Now you will need to move the spotlight into the position that you want the light to shine in and since the spotlight will be selected, a menu should appear in the left side of the screen.


This is the menu that allows you to edit the spotlight that you are using. The ‘cone angle’ allows the spotlight’slight to be wider enabling  the spotlight to light more of the ship (I wouldn’t recommend having shadows turned on).  The first light is the ‘Key light’, This light is used to show the object/character and is placed at the front of the  model. This light is the brightest out of the three that will be set so the light intensity should be as high as you would like it to be.

The second light is the ‘Back Light’, this brightens up the background or the back of the model. Since this light is mostly going to be used when viewing the ship from various camera angles, the light intensity should be the lowest out of the three spotlights. The third and final light is the fill light. This is used to show the highlights of the model and will be placed far at the side, aimed at the object with a medium light intensity as it is used to show the rest of the model that the main light doesn’t light up so it isn’t just a black shadow that is hard to see.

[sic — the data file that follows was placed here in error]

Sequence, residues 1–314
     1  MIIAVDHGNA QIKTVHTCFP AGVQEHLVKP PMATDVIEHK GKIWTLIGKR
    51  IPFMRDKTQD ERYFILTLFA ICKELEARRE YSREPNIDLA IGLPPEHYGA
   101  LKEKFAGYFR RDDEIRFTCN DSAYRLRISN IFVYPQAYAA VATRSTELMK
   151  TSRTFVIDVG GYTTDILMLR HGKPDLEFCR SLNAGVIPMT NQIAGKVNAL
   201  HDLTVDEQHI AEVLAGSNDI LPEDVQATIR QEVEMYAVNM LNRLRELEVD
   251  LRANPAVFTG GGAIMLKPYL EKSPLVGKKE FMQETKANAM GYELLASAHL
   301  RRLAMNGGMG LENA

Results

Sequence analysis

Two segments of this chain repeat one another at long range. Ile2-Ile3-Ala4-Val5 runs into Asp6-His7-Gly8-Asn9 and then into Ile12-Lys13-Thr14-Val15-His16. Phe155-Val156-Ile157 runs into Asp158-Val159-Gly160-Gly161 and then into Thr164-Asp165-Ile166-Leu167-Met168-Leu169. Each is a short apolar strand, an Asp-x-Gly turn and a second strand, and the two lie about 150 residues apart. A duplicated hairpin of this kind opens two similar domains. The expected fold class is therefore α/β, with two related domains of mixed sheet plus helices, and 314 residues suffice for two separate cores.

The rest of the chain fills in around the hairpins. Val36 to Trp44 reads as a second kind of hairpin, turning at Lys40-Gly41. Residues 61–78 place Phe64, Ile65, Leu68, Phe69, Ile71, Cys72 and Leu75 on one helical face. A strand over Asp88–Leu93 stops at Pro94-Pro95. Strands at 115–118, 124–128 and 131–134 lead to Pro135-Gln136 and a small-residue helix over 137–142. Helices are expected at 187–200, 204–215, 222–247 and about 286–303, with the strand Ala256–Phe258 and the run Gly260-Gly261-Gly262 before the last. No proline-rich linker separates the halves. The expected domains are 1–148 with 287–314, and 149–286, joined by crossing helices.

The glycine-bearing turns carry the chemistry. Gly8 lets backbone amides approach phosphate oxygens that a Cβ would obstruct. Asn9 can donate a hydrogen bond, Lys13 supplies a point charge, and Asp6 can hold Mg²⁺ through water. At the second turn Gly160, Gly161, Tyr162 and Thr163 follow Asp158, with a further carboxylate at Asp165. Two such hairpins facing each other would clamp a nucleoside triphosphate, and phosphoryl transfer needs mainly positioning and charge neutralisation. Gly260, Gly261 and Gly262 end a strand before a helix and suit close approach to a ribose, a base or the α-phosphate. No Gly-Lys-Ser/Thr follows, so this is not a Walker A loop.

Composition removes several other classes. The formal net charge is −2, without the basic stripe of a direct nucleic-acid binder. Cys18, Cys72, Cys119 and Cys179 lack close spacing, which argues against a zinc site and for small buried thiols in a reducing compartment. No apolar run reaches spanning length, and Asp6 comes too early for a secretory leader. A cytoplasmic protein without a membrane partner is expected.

Here are the screenshots of the final product of my spaceship model. The large circle closest to the camera on the top image is the ‘Key Light’, as you can see, it lights up most of the model along with it being brighter than the other areas of the model. The circle towards the left of the ship is the ‘Fill Light’, it’s slightly darker than the light emitting from the ‘Key Light’ as it’s purpose is to make light to where the ‘Key Light’ doesn’t.


This screenshot focuses on the back of the ship so that you can get a better idea on how the ‘Back Light’ works. It is a lot darker than the other two lights which makes it a little difficult to see the textures on the back of the ship. Realistically, this is how shadows would work since they block light but don’t make things pitch black to the point where you couldn’t see textures on an object. There are other light options that will be covered in another blog post.

I think that the texturing of my ship could be a little better as not all of the lines match each other on the roof of my ship. Also the design of my ship is rather basic from the model to the textures. I will try to work on other designs for spaceships and various textures for my ship; however, this model was mainly to get a hang on how to model in Maya as well as texturing and rendering.